Theo Epstein spoke today, and like all times when Theo has something to say, it’s generated some buzz.
“A million here, a million there, that’s what we can afford. We’re not in position to throw around hundreds of millions of dollars in free agency. But if we can do it in that (international free agency) market, we might as well try to monopolize it as best we can.”
That line from Theo has started the “mid-market” talk among fans and media, alike. Patrick Mooney put out a great piece which explicitly called the Cubs just that. Then again, knowing the Cubs’ history of flushing money down the crapper and how the landscape of baseball is changing with the new labor agreement, is that such a bad thing?
At the risk of repeating myself, the way the Cubs are going about their business is the best way to do it. Free agency is not going to produce a team that goes from the bottom of the division to the top after just one winter, like the Cubs managed to do between the 2006 and 2007 seasons. There are no quick fixes. So spending “a million here, a million there” on international free agents and by acquiring a load of talent to retool from within is the last best option. Minor league talent is currency. Teams can develop and field that talent when it reaches the point major league ready (unlike the Cubs have…see Patterson, Corey; Pie, Felix) , or they can use it to acquire established players…which is the “new free agency.” Teams who are selling off veterans like the Cubs have the last couple of seasons are essentially teams of free agents who can be had if the price is right.
Drafting and development hasn’t been a strength of the Cubs in the past. Bleacher Nation had a piece yesterday that should make the former front office want to huddle in a corner and cry. You think the team we’re watching is bad? Take a look at that roster. It makes me cringe. The good news is, the article BN referenced is linked, showing all 30 teams…including the Red Sox, which was led by Theo Epstein. In a weird, mid-market sort of way, a number of the major pieces of what made the Red Sox good over the second half of his tenure were homegrown…like Dustin Pedroia, Jacoby Ellsbury, Clay Buchholtz, and Jonathan Papelbon while players like Hanley Ramirez and Anibal Sanchez were used as currency to obtain other useful parts.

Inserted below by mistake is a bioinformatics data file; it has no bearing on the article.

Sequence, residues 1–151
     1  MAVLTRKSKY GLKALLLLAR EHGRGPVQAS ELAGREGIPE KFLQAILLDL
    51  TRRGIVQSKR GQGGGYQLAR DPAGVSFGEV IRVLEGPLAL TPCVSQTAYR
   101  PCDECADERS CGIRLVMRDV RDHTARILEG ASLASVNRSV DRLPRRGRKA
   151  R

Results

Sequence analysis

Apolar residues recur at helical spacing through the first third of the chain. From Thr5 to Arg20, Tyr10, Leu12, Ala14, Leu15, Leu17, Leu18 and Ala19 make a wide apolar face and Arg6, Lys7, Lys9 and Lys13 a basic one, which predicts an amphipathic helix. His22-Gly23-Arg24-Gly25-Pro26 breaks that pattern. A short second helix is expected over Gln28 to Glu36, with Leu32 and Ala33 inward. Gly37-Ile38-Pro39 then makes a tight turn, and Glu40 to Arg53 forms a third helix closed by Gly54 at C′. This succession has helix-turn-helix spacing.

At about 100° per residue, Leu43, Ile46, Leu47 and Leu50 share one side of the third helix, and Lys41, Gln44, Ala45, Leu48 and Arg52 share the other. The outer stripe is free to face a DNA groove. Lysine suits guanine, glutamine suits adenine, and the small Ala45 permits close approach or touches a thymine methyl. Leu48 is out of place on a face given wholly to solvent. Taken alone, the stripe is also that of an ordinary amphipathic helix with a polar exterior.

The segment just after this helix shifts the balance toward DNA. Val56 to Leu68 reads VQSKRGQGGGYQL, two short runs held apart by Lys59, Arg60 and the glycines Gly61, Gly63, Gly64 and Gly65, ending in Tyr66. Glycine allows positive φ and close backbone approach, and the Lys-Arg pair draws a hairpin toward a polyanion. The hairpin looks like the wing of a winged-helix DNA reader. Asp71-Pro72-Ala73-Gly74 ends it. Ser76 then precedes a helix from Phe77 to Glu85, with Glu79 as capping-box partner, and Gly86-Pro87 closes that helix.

The era of big market supremacy has passed. In all reality, it never really existed. Even the Yankees in the ’90s were mostly homegrown with some complimentary free agents sprinkled in. It is time to embrace the “mid-market” philosophy of spending wisely and developing players…because it works.
After the addition of Jorge Soler to the Cubs’ farm system, there is some changing of the guard in the top level of prospects in the organization, especially in the top five. The signing, expected to be done next week, will only add to what the team already has, which becoming less and less embarrassing as time passes. With that, here is a look at the updated top five prospects in the system…